Gen Z – do they buy everything online?
No. In fact, they are even less likely than Baby Boomers to buy ‘most of my health & beauty products online’.
Gen Z are in fact as likely as Baby Boomers to buy in a chemist, and more likely than any other generation to buy from a health and beauty specialist or department store. So much for the idea that Gen Z have given up physical shopping. It seems quite likely that Gen Z who are such big consumers of digital media in the forms of entertainment, still see physical shopping for health and beauty as a strong preference. The one place they’re unlikely to buy health and beauty though is the supermarket, being half as likely even as Millennials to buy there.
As Pull event panel member Kirsty Anderson from Marks & Spencer pointed out, “physical shopping can be an immersive day out, and you can still do things in-store that you can’t do online – like smell and touch”. So retailers have to ensure shopping is also entertainment. While there are endless tales of High street woe, The London Westfield centres recorded 5% year-on-year sales increases in 2019.
Gen Z – have they turned their back on big brands in favour of smaller niche ones with cleaner credentials?
Are Gen Z rejecting established brands for failing to meet their exacting demands for being planet friendly? Not exactly it would seem. Our survey showed that belief in smaller brands that ‘promise something better’ is significantly stronger among Millennials than Gen Z. Millennials are 30% more likely to agree with the statement that they ‘trust newer smaller brands to be better for me and the environment than the big established brands’. Could this be something to do with their relative purchasing habits? Millennials are twice as likely to buy most of their health and beauty products online as Gen Z. And we know from previous research that the established health and beauty brands have a much bigger share of offline sales than they do online.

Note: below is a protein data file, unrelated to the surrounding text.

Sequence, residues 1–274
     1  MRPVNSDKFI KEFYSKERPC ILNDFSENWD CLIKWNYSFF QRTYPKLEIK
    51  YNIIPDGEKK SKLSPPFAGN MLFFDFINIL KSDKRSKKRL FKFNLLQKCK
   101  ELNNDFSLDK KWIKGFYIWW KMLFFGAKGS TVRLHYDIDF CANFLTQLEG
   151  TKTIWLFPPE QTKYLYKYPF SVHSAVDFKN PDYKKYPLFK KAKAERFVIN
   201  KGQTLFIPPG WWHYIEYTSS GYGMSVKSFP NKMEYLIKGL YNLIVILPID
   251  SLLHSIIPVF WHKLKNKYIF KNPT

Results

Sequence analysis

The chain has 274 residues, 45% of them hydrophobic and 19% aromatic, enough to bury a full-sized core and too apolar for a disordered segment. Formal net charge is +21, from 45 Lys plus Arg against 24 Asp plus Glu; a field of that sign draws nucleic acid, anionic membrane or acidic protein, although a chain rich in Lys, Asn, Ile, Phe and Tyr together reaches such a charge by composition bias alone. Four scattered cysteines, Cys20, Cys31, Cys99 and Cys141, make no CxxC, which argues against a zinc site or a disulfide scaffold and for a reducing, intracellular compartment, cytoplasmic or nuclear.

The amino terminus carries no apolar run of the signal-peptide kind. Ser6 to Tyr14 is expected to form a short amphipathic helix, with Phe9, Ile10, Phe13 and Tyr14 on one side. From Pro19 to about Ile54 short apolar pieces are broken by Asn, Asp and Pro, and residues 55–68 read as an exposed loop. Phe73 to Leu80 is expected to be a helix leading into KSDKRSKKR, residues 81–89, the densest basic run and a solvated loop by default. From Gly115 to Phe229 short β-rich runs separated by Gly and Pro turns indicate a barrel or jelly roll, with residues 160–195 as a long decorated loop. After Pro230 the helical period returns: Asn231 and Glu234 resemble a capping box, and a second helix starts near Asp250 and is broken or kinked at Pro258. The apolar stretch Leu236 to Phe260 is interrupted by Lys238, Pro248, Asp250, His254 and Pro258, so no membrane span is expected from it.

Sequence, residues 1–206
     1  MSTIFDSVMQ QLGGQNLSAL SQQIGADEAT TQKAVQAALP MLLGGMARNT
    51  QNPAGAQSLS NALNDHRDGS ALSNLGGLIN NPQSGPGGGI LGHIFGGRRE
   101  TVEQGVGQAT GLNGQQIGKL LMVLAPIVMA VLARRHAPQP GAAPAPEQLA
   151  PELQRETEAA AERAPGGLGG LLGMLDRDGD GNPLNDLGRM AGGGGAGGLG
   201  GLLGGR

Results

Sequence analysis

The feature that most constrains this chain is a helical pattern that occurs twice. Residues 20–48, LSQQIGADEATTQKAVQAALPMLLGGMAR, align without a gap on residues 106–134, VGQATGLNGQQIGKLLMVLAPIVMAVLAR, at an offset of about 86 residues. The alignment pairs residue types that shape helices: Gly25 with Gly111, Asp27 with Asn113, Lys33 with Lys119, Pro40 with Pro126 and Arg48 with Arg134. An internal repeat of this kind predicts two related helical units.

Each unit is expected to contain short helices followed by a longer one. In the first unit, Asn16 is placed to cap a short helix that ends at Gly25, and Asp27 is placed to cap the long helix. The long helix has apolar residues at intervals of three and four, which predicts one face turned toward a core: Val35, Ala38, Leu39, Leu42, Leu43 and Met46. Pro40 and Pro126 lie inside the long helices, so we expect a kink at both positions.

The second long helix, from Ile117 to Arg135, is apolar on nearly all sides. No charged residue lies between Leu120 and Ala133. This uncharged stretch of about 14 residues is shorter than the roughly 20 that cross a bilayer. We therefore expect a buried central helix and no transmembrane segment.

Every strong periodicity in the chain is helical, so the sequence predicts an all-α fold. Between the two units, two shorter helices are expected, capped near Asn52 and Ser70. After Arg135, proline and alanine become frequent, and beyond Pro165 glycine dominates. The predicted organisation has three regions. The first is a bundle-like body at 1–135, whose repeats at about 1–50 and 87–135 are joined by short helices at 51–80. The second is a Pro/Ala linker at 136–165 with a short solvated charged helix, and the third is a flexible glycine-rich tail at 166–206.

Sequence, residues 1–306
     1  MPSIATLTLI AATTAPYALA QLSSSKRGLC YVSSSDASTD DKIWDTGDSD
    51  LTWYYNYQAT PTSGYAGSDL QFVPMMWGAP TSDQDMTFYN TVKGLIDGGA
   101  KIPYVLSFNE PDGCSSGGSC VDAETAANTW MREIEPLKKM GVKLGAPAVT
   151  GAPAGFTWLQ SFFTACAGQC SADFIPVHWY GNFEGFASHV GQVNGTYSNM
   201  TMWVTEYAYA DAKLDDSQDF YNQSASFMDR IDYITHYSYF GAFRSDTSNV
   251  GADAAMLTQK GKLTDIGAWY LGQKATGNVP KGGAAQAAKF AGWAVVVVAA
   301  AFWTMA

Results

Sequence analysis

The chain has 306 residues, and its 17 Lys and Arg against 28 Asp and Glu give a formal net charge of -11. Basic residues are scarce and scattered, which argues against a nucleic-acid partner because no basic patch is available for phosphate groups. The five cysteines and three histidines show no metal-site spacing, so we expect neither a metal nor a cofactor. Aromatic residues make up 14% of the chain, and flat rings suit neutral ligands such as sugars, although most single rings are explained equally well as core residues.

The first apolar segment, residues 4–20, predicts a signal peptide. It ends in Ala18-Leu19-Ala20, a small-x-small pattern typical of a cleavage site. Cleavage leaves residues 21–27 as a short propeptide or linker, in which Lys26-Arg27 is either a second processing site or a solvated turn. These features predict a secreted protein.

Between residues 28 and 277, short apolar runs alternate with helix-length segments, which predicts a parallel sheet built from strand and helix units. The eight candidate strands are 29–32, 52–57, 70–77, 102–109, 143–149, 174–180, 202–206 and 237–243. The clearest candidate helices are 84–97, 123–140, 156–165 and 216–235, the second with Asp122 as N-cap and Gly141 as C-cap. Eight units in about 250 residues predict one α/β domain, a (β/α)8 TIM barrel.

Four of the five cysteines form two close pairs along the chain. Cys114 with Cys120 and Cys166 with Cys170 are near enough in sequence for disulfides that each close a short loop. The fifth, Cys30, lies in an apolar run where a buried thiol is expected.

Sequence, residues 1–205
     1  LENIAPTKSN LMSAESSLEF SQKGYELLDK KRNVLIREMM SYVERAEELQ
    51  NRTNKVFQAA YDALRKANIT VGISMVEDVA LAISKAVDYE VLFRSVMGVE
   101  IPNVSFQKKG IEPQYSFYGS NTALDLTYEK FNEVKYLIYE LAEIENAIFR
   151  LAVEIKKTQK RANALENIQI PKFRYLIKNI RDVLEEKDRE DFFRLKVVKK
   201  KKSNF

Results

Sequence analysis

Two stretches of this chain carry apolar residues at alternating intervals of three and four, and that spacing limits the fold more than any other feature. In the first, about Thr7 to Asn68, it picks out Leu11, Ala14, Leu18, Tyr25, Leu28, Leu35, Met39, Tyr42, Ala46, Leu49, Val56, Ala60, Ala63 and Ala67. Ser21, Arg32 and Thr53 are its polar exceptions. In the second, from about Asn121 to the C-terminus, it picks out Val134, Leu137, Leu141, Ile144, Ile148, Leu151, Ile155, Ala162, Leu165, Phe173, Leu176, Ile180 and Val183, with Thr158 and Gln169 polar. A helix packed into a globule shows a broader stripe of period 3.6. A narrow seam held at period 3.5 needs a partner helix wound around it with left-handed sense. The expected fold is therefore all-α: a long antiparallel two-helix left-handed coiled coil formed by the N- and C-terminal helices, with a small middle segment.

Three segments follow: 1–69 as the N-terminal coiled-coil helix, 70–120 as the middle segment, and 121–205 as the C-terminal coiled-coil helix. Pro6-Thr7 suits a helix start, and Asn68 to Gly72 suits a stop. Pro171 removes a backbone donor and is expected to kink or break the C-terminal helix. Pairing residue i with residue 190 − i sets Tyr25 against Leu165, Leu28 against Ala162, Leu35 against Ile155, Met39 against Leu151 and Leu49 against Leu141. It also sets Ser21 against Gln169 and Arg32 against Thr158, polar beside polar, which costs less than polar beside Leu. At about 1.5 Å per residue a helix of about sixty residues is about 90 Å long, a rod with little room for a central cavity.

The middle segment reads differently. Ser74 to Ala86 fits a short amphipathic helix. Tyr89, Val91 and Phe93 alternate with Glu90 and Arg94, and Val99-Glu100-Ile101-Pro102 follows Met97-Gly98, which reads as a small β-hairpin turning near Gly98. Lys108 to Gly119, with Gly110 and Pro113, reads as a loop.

Looking further into this our research showed little or no difference between the generations when it came to attitudes to brands that make animal-testing related claims, or claims about natural ingredients, environmental friendliness or use of plastic. The only areas where there was a slight difference was with brands linked to a good cause, which Gen Z ranked of slightly higher importance than the other generations (who all ranked it the same). The opposite was true of ‘locally sourced or made’, in this case the factor was ranked slightly lower than by Gen Z than all other generations.
When you consider that there is also no evidence that ranking good causes as important actually translates into purchase intent, this rather undermines the myth that Gen Z are the leading flag-bearers of sustainability. After Baby Boomers, Gen Z come over as arguably the most conservative health and beauty shoppers when combining their love of offline, confidence in big brands and attitudes to ‘clean beauty’ issues.
Gen Z – what can we learn from their use of tech?
Before they can even write, small children bombard their parents with questions. Is it any wonder that exasperated parents now delegate the duty of reply to voice assistants? Older generations type questions for Google into their phones and computers even when they could just ask. Why do they do this? Habit. It’s what they had to do for 20 formative years. For Gen Z however, why on earth would you type when you can just ask?
So its no surprise that Gen Z are ahead of the other generations when it comes to using voice search.
However, our street interviews with twenty-somethings suggested that even for them, the typing habit for search is well engrained.